On 15 October, I posted an entry on the status of my paper that presented a table showing the reported status of my probability paper, along with the date-stamp associated with that status. I declared
I'm not going to post a separate entry for each change, but will just up-date the table above until the status becomesReviews Completed.
Those who checked that entry know that, on the next day, the status of the paper changed from
Reviewers Assigned to
Under review, but that it then languished for more than twleve weeks. In the meantime, I added notes to the entry about the passage of time, about my communication with the editorial office and then with the handling editor, and about a new reviewer having been selected and accepted the assignment on 10 January.
On 14 January, the reported status of the paper became
Typically, most of the time between when a reviewer accepts an assignment and when he or she completes it is spent on concerns without meaningful relationship to the review (except in-so-far as they displace it). If reviewers had to turn immediately to the task of reviewing a paper, then far fewer would accept the responsibility. Setting aside all but truly everyday activities, it is quite possible to review a paper in a matter of a very few days, and certainly in less than five.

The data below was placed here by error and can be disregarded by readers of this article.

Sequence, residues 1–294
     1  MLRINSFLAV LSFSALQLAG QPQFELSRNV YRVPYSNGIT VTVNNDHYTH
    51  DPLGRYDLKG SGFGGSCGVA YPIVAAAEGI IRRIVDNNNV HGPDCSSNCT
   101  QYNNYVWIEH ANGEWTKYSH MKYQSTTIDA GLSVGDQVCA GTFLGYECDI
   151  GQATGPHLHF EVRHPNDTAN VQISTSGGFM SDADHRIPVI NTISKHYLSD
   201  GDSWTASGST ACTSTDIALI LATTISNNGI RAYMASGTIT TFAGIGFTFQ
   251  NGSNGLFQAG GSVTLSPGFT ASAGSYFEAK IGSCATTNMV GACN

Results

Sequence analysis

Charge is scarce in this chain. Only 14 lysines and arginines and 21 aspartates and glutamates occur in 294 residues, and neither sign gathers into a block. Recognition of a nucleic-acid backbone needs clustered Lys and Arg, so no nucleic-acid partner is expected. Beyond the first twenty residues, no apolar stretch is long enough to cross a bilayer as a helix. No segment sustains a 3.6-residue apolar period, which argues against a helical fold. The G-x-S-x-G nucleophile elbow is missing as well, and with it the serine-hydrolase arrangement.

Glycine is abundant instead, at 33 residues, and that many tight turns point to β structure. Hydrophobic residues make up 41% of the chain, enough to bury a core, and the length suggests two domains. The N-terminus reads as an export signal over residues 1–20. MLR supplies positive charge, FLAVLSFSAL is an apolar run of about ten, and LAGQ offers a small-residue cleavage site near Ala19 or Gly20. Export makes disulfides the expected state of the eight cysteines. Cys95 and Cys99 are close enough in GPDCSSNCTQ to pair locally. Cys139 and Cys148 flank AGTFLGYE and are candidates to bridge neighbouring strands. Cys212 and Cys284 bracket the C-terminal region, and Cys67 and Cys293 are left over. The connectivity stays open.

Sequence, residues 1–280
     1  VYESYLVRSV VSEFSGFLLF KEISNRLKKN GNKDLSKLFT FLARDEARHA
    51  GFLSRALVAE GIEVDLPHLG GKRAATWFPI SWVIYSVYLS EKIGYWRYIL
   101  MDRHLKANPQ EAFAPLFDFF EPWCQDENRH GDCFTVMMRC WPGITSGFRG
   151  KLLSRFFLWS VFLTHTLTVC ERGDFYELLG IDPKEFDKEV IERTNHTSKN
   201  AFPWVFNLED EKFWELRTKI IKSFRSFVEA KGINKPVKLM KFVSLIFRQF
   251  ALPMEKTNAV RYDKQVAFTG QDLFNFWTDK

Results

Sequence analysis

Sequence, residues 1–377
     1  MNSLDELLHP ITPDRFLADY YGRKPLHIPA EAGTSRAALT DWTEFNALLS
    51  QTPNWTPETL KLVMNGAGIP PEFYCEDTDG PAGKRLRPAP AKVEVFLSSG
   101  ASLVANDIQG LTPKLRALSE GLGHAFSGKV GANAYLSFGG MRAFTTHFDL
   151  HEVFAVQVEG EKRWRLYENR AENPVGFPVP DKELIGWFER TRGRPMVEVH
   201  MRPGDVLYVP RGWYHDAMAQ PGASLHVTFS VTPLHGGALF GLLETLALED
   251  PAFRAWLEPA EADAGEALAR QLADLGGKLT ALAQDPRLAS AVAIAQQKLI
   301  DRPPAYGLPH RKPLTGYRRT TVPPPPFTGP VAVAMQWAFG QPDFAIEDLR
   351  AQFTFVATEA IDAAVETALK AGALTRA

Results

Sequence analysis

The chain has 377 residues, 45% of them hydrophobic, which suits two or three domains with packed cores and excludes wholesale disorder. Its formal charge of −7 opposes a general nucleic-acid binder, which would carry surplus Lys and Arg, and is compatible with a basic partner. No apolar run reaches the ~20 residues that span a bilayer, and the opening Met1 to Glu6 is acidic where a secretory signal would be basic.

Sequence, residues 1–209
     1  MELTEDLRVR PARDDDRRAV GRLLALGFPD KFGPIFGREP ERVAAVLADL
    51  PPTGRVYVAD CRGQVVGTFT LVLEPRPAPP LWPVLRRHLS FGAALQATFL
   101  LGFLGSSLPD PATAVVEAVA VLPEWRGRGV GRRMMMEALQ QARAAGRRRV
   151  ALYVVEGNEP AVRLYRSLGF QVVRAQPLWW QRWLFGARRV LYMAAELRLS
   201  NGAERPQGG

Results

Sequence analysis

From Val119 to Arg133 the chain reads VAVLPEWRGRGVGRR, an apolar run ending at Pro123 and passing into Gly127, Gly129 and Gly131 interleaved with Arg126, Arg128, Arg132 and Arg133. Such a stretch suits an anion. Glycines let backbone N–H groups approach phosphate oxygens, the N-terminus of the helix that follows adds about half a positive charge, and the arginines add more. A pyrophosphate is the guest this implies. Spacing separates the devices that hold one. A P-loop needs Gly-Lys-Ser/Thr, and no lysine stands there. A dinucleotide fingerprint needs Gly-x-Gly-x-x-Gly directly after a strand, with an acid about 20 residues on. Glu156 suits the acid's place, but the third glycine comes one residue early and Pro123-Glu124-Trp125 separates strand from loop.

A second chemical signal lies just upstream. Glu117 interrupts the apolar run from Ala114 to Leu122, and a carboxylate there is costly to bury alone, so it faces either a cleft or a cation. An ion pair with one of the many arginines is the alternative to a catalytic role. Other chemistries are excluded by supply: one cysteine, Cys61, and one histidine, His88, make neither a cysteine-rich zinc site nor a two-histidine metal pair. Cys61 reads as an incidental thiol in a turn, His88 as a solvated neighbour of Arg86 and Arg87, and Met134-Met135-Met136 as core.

None-the-less, a review as speedy as must have been the last review has me especially concerned that the job may suffer from some of the deficiencies associated with a rushed review, or that the reviewer may otherwise not have recognized with significance of what were said in my paper.
In a private communication, a friend writes:
I have, several times, been asked by an editor to read a paper over, without being a formal reviewer, and send her my thoughts. Sometimes, I am then made a formal reviewer (whether I have sent my thoughts or not) when one of the other reviews withdraws or is unable or unwilling to complete a review.
I had not considered a possibility of this sort.